hsn - LELAND DE LA DURANTAYE Kafka's Reality and Nabokov's...

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LELAND DE LA DURANTAYE Kafka's Reality and Nabokov's Fantasy. On Dwarves, Saints, Beetles, Symbolism, and Genius 1. The Metamorphosis It is not difficult to hear echoes of Kafkan steps in the early works of Vladimir Nabokov. Critics have detected faint echoes in his early Russian novels The Eye (1930) and Despair (1933) (see Hyde 104, 109; and Foster) and more definite sounds in Invitation to a Beheading (1938). In the latter novel, a harmless hero in an abstracted world is interred in a castle, brought before an incomprehensible tribunal, and charged with the vaguest of crimes ("Gnostic turpitude"). This the- matic similarity was strong enough for Nabokov to protest in a 1959 foreword to the English translation of the novel that he had not read Kafka until after he wrote it (Invitation 6). When asked about the matter in an interview ten years later, he replied: "I do not know German and so could not read Kafka before the nineteen thirties when his La mr&amorphose appeared in La nouvelle revuefran- faise, and by that time many of my so-called 'kafkaesque' stories had already been published" (Strong Opinions 151-52). In Bend Sinister (1947), the first novel Nabokov wrote in America, a beetle- shaped bootjack is referred to as Gregoire (the name Kafka's protagonist bears in La mitamorphose), and, more to the Kafkan point, the novel not only includes a miraculous transformation in its closing lines, but also depicts a nightmarish world of absurd bureaucracy that at certain shadowy moments recalls Kafka (Bend Sinister 33-34; cf. also Foster 445). And in Nabokov's final novel, Look at the Harlequins! (1974), when the protagonist Vadim Vadimorovitch (a special refraction of Vladimir Vladimirovitich [Nabokov]) provides a list of his works that darkly mirrors Nabokov's own, the novel corresponding to Invitation to a Beheading on the narrator's CV is entitled The Red Topper, which tells of "the strange pangs of a strange transformation"r-a description that displaces one Kafkan world (that of castle and court) for another (that of a metamorphosis) (Harlequins 120). Whether Nabokov was wrong in his estimations of Kafka's influence, or mis- chievously misleading about the date of his first familiarity, cannot be answered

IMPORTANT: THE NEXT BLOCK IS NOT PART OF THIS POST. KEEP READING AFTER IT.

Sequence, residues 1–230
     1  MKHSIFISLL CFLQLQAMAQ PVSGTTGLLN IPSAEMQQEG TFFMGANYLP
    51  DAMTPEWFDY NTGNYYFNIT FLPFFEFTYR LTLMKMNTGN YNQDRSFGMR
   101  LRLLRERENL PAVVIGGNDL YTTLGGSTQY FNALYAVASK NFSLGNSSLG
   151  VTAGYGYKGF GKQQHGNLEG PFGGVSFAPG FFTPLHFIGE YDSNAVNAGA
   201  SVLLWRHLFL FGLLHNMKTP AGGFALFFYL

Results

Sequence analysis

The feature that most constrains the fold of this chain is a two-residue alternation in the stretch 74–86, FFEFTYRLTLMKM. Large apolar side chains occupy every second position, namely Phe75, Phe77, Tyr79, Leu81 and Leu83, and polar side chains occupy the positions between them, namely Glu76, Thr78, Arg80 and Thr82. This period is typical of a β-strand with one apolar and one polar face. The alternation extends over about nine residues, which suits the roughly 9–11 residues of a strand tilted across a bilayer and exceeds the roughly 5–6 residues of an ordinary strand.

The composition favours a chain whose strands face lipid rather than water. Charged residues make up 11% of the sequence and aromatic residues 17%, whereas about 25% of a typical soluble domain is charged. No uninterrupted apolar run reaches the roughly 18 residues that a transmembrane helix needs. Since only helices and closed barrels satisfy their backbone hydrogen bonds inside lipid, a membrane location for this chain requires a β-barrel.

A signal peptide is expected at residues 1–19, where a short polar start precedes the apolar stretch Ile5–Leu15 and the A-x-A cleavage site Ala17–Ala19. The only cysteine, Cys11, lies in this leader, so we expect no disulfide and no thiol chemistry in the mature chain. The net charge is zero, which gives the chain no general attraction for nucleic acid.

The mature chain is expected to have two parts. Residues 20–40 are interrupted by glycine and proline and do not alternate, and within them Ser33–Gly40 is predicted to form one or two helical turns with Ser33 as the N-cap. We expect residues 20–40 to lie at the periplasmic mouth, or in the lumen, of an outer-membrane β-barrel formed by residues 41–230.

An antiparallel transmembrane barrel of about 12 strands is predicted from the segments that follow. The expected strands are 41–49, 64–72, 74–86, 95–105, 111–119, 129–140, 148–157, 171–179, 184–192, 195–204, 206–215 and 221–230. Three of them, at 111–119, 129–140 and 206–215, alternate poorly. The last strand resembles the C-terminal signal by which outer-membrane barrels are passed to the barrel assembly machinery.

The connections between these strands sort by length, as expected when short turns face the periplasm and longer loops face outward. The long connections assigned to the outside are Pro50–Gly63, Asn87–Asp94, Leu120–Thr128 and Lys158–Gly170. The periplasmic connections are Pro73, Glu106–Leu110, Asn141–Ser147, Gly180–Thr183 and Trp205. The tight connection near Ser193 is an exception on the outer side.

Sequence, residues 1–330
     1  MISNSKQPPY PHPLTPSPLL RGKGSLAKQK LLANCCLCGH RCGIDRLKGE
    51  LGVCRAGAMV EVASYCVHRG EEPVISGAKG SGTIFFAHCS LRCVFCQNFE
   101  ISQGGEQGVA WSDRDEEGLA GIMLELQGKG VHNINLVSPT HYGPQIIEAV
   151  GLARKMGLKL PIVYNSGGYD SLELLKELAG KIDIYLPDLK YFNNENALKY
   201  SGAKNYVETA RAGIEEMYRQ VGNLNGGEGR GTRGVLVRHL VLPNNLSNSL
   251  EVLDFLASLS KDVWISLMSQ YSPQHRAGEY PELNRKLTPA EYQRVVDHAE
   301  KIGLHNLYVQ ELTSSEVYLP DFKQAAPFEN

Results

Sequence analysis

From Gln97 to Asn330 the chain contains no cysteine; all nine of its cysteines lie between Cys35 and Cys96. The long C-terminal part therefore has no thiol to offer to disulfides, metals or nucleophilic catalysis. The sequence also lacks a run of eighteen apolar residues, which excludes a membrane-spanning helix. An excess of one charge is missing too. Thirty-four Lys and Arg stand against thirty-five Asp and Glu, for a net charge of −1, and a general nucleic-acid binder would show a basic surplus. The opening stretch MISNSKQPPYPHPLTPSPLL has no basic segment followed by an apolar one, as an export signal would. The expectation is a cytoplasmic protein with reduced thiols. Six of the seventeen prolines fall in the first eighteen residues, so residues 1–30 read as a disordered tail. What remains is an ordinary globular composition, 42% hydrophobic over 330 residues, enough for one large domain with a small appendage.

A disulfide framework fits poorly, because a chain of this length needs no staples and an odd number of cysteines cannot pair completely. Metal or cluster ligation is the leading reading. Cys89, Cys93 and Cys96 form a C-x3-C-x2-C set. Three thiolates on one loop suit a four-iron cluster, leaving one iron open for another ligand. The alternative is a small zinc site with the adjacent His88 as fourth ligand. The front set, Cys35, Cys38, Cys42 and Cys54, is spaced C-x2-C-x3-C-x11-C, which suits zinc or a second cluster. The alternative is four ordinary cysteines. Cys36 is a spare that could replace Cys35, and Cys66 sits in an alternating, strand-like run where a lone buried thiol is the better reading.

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COMPARATIVE LITERATURE/316 with certitude. But they are not the only questions we might pose. Though critics have been most attracted by the sport of potential influence,' in the following I argue that there are other and. more interesting grounds for studying Nabokov's reflections on Kafka and that these are to be found in Nabokov's singular inter- pretation of The Metamwphosis and what that interpretation has to say about his rules for good reading and good writing. 2. Dwarves and Saints
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hsn - LELAND DE LA DURANTAYE Kafka's Reality and Nabokov's...

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